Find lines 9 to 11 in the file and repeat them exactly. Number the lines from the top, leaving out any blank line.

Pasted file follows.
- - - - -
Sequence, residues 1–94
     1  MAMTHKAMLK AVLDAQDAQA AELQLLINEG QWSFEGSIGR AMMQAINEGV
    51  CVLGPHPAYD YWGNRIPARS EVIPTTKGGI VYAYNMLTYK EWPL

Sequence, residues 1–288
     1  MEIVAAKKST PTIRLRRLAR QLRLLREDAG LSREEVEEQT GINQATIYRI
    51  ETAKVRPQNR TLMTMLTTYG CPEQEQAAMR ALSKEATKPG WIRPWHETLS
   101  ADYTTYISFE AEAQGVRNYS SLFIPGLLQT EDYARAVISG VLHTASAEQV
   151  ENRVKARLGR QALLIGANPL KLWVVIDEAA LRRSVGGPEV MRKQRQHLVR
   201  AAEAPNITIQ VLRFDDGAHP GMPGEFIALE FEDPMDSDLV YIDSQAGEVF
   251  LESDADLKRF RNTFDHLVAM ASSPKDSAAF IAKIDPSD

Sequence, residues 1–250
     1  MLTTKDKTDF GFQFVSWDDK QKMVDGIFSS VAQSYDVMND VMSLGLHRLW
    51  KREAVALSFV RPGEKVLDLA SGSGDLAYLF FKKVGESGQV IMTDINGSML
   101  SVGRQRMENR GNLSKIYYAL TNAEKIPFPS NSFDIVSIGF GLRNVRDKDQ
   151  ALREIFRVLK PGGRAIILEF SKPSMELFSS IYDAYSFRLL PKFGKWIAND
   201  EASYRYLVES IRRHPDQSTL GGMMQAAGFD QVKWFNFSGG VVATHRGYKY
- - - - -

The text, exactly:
   201  AAEAPNITIQ VLRFDDGAHP GMPGEFIALE FEDPMDSDLV YIDSQAGEVF
   251  LESDADLKRF RNTFDHLVAM ASSPKDSAAF IAKIDPSD

Sequence, residues 1–250